Wednesday, January 04, 2006

Thrifting 101

Thrifting is akin to playing a sport, or gambling. It is addictive, unpredictable, and sometimes exhausting. There is a knack. Since I am a hopelessly compulsive thrifter I thought I might have some useful tips to pass on.

I'm not going to point out the pros and cons of thrifting per se in this entry. The fact that you are reading it means that either 1)you are interested in thrifting, 2)you're open to maybe being interested, or 3) you're just plain lost. If you're lost, there's a new link to BBC News to the right that will get you out of here and on to something more interesting. If you're here about the thrifting, here we go!

Know what you are looking for

I don't mean "I am looking for a white GAP blouse with 3/4 sleeves that gathers at the bodice" - because even if you do happen to find this particular item, it probably won't be in your size. I mean you need a general idea. Do you need work clothes? Jeans to wear while you drywall? A new curtain? These are helpful starting points that will determine where you will do your thrifting. Not every thrift store is the same, they usually reflect the neighborhood they are in. For instance, I always go to thrift stores near universities. This is because the odds of finding small, fashionable clothing and interesting books goes way up.

Thrifting takes time

Set aside at least a couple hours. You're not going to get a real idea of what is in the thrift store if you're in a hurry.

Which reminds me:


There's no point in taking two hours to cruise through two floors of used stuff if you're too stressed to think straight. If you have something you need to be doing elsewhere, or you're about to be late, forget it. Take care of your obligations first. Those of you who have kids, get a sitter if you can. Kids go together badly with shopping, everyone knows this. You'll enjoy it more, and so will everyone else. Of course this option isn't always available, which is why being relaxed is so important: you're less likely to flip out after twenty minutes of listening to someone's three year old whine.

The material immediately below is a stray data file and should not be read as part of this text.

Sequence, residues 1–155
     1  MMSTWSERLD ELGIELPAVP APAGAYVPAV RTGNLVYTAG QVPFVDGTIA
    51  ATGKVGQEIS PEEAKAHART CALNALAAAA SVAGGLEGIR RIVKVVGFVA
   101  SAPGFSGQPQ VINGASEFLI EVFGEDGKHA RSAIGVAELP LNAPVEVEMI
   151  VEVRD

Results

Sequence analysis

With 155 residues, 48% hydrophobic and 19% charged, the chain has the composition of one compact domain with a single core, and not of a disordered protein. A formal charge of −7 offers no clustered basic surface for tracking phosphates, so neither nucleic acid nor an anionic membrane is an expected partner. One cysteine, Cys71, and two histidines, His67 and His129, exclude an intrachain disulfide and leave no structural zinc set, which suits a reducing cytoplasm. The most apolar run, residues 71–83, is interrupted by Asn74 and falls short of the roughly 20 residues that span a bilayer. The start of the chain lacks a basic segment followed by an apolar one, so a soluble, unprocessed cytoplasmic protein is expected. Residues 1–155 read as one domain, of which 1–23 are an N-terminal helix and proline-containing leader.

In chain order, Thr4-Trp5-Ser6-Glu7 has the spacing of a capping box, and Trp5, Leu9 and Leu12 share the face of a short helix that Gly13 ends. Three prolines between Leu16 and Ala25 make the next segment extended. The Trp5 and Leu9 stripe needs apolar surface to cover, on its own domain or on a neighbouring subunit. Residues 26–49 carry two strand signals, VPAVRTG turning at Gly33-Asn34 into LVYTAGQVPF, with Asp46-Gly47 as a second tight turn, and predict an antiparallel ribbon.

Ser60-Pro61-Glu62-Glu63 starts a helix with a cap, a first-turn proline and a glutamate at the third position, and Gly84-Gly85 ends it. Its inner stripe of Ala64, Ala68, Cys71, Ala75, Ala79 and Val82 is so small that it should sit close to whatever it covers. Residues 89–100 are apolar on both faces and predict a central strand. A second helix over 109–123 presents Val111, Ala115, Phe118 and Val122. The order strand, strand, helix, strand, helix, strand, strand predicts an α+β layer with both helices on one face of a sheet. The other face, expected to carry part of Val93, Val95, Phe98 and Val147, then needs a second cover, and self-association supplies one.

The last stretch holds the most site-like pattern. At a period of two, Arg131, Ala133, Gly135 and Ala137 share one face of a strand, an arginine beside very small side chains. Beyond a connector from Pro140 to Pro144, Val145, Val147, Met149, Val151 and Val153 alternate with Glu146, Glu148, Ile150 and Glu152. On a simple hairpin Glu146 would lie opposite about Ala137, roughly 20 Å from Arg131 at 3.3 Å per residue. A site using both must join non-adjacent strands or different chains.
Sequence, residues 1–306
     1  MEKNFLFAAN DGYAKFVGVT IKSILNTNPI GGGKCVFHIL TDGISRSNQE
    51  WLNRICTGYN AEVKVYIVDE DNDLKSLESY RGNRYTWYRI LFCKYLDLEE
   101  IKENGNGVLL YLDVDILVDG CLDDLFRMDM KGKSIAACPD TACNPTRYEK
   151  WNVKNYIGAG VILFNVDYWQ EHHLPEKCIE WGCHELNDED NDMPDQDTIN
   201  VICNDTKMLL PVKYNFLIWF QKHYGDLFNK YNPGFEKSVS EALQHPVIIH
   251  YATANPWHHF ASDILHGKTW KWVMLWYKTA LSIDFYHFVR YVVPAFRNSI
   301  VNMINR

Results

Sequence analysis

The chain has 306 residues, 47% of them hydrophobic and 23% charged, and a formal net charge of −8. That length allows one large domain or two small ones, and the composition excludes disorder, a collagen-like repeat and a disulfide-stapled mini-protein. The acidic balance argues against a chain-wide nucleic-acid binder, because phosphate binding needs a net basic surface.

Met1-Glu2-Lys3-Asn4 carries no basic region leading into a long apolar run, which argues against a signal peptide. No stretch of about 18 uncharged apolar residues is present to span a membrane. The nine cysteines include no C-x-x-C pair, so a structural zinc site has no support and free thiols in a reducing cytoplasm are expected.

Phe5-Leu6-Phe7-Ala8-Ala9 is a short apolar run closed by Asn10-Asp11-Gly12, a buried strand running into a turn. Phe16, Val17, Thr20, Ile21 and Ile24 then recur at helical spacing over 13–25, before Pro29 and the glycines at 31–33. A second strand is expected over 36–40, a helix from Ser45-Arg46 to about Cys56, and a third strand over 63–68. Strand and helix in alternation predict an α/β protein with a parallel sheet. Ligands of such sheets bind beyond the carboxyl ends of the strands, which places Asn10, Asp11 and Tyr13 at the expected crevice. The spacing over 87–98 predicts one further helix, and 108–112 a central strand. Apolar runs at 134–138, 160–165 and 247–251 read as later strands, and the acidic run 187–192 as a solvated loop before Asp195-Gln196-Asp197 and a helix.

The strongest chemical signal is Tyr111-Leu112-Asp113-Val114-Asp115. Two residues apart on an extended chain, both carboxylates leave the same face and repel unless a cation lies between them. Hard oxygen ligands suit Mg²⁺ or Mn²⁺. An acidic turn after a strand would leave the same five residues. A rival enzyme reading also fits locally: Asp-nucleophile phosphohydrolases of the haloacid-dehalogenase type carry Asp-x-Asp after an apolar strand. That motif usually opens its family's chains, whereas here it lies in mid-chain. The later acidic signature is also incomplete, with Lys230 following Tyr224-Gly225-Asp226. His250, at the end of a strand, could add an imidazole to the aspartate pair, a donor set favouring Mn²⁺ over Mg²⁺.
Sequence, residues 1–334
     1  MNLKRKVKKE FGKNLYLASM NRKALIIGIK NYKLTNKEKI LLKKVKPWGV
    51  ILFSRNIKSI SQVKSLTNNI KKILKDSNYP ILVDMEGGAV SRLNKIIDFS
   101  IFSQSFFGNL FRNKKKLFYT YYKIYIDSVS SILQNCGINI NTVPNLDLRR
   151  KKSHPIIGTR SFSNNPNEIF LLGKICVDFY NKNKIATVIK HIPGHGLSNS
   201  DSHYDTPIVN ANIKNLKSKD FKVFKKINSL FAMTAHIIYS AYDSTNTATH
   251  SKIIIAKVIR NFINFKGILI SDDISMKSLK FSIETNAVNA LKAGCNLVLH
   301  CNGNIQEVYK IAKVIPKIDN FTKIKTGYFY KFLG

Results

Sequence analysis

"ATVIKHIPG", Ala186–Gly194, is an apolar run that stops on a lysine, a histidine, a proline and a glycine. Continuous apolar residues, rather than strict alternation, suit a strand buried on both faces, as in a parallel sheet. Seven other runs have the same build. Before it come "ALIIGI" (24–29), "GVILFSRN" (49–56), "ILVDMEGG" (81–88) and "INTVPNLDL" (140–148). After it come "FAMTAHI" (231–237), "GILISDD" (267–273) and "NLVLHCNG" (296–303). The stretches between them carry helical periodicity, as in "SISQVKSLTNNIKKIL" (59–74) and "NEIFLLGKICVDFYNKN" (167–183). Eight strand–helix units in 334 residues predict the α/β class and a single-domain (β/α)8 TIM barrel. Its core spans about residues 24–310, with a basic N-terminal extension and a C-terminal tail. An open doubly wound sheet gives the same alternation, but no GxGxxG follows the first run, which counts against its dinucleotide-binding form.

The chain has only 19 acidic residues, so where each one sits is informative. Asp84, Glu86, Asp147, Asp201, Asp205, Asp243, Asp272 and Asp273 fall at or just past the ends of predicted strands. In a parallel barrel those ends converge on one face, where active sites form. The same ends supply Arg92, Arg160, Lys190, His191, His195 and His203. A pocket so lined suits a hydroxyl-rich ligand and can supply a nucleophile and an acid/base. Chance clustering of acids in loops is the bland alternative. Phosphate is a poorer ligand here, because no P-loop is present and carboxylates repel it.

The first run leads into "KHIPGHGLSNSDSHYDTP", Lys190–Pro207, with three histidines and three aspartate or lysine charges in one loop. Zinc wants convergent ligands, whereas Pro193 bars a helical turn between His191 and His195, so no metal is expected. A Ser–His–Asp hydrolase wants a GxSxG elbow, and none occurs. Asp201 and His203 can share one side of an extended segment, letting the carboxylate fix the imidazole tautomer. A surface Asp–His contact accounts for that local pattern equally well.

Dress Comfortably

Wear clothing that is easy to get on and off quickly and with little hassle in the fitting room. I suggest slip-on shoes with socks, also, so that you don't have to touch the floor with your bare feet. Even if there are no fitting rooms, don't wear very many layers or carry much in with you. The luggage will wear you down and the layers will be in your way. I like to wear pants with a shirt and cardigan. The cardigan will keep me warm, but it also comes off quickly to try things on in front of the mirror. The pants are good because you can hold the seams of skirts and pants up to the seams of the pants you're wearing to gauge size.

Know Thyself

I don't mean this metaphysically. I mean know your limits, financially, physically, and psychologically.

For instance, I only buy slip or baby doll dresses at thrift stores. This is because if I buy something with sleeves it inevitably turns out that I need to radically alter it to fit my bustline. This is much simpler of a task when there isn't a complicated structure to deal with, like sleeves, shoulder pads, etc.